Before I forget. I'm reading an excellent Stephen King novel on audiobook, the voice work is fantastic. There are two main characters, Rosie and Norman. The parts about Rosie are read by Blair Brown, and she's great. The male voice has sort of a down-east twang to it, but he sounds like Ed Cone (who's from North Carolina) but also sounds a little Bronxy. Anyway, I didn't look to see who it was until just now, and it turns out to be Stephen King himself. He's very good at this. Anyway, the thing I didn't want to forget is that Irving R. Levine makes a surprise appearance, by reference. Who is Irving R. Levine? Well, if you don't know, no amount of explaining will do. Happily, he's still alive.
New header graphic. Vermont cows.
Wes Felter: "I have long wondered how creating new formats or new versions of formats can reduce the problem of format proliferation. Now I see that it works by disowning the old versions. Good luck with that."
Lisa Stone looks at the speaker list at the AlwaysOn conference.
Blogger dinner in Capetown tomorrow.
Wired: Blogs Taking Off in Cambodia.
Six years ago today, the bees were back, and Be went public.
5/17/83: The First Idea Processor.
Reading Lisa Stone's piece above, all of a sudden I understand why the BlogHer conference is both a good idea, and unfortunately necessary. Not enough women have leading positions in the tech world, at least according to the people who choose speakers for industry conferences.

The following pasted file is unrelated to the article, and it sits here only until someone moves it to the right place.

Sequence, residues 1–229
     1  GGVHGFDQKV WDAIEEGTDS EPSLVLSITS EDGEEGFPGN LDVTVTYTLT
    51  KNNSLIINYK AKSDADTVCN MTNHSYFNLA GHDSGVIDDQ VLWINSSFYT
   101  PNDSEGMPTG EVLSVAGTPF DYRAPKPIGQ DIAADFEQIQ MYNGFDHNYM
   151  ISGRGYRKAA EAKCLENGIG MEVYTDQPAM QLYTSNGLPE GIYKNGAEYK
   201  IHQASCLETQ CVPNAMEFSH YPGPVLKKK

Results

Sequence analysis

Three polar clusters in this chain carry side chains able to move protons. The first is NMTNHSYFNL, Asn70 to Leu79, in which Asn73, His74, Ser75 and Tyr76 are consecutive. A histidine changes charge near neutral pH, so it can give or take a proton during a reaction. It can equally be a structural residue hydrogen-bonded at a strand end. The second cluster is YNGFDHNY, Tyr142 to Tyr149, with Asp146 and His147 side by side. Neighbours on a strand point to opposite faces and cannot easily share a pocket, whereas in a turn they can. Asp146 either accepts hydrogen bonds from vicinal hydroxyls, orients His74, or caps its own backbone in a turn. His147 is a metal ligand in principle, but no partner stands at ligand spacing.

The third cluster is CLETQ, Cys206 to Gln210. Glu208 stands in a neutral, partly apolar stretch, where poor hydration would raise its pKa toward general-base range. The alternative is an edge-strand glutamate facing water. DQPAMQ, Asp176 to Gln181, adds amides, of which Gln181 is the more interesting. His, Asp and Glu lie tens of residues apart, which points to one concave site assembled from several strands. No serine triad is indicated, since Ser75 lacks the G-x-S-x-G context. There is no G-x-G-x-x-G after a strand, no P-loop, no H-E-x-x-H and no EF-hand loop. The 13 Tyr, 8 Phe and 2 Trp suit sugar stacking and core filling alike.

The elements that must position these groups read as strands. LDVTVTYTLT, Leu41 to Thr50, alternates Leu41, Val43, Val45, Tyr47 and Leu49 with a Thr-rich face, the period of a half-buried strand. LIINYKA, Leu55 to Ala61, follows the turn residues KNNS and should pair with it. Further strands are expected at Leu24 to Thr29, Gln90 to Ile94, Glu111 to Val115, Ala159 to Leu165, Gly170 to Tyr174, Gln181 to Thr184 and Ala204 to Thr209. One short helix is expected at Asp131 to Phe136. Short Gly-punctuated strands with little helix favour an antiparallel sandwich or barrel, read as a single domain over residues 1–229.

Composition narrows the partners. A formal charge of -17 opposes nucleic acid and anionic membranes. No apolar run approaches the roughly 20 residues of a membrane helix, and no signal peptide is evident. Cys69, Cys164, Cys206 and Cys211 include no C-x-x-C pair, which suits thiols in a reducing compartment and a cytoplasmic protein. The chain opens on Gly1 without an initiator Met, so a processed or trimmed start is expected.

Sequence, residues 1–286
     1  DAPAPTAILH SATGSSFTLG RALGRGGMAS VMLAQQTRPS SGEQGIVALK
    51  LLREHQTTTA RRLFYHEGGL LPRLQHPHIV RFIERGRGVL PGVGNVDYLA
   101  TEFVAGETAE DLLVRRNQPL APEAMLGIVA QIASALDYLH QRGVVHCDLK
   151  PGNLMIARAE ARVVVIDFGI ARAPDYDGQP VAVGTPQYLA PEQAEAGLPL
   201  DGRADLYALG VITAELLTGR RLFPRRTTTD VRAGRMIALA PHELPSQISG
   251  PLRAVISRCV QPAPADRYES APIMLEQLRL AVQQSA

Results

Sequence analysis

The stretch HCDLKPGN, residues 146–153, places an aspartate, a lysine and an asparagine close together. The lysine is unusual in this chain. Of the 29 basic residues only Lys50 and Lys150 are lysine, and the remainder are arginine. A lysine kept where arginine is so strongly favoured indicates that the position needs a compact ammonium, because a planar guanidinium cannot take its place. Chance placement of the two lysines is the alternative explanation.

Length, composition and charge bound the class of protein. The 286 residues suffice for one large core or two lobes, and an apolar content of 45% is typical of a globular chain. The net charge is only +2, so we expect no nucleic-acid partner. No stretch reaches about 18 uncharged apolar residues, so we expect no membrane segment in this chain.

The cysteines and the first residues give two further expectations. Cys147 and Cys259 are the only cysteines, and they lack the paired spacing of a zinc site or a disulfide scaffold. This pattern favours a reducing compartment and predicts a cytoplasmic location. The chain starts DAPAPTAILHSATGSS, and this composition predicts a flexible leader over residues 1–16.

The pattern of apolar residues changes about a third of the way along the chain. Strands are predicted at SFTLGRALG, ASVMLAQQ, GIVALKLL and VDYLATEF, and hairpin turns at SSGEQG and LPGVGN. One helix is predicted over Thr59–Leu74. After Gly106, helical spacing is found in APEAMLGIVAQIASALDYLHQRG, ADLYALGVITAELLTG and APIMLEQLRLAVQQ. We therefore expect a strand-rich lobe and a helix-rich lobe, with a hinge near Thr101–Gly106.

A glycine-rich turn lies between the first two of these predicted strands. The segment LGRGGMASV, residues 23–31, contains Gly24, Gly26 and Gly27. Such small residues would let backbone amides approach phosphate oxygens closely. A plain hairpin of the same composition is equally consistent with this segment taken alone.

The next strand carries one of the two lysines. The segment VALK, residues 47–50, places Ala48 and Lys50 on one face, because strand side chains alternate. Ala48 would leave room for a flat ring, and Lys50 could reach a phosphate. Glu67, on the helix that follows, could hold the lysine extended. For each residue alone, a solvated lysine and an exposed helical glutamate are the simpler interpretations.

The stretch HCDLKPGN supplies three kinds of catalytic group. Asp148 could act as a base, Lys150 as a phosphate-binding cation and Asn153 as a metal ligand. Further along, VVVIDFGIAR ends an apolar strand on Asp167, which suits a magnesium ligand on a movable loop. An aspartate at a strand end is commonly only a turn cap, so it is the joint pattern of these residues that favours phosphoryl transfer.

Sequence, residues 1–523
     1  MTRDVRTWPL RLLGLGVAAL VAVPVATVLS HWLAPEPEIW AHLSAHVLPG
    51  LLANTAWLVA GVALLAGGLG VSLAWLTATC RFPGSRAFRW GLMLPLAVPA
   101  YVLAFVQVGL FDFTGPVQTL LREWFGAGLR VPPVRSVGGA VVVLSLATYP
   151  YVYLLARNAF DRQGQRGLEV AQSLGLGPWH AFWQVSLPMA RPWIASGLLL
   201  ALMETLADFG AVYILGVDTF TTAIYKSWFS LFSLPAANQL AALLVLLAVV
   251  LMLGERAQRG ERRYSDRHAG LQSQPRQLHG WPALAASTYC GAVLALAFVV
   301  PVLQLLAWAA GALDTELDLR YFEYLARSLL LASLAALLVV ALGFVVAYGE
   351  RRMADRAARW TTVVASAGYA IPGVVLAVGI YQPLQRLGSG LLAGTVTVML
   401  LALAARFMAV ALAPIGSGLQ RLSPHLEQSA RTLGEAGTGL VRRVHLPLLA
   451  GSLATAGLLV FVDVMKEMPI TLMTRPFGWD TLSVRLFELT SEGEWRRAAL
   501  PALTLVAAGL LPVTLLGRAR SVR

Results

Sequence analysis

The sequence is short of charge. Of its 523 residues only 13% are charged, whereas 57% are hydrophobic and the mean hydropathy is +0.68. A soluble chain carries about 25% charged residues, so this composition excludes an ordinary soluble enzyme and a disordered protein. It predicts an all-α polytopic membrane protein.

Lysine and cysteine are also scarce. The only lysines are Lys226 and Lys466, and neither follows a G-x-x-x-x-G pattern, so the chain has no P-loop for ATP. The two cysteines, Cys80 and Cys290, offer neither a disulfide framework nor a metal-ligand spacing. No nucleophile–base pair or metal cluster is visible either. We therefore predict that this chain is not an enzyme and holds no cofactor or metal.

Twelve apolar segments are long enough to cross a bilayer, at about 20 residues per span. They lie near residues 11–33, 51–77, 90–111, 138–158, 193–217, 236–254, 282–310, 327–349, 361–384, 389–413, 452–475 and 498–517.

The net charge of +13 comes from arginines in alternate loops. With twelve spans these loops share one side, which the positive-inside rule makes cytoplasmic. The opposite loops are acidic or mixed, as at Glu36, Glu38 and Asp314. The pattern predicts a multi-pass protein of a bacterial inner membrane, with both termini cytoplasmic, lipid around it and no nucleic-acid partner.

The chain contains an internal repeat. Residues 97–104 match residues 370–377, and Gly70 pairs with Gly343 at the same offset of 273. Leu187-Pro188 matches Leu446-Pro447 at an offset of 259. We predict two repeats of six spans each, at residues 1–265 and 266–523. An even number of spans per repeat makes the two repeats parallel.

There's only one problem with this is -- the conferences are obsolete, and being chosen as a speaker at one of these conferences and accepting the offer, may not be the big award it appears to be.
I'd love to see some pictures or movies of the hallways at AlwaysOn. Now imagine that was what was going on in the meetings. Vibrant conversations. Chaotic interchanges. Now, let's see if the women have equal standing. (I'm not saying they do.)
Now look at the people sitting in the room. They're reading Scripting News on their laptops. If you are reading this at the AlwaysOn conference, cough three times. (Assuming they have wifi in the auditorium.) Send me email if you heard anyone else coughing.
Jeremy Zawodny asks when blogging will peak. He says the advertising model is set. Of couse I have an opinion about this.
First, I don't think blogging will peak, any more than the telephone will peak. It's a fundamental way of communicating, if it goes away it will be replaced by something exactly like it.
Second, what is a blog? I know this is a long tiresome question, but it matters. The distinction between blog sites that have ads and those that don't is probably a bigger distinction than between magazines that have ads and blogs that have ads. A blog without ads is itself an ad, interesting to a small number of people. Blogs with ads, like their print counterparts, strive to be as broad as possible, to reach as many people, and in doing so, lose their value as an ad for the author.
Advertising may be the thing that's peaking. The old model of advertising. How come no one ever asks if TV-style advertising is finished? I think it is.
They say that when Business Week says the method of capitilizing companies has fundamentally changed, that's a highly predictable sell signal (in other words, the market is about to crash). Maybe, in a similar way, this event signals the peak of blogs.
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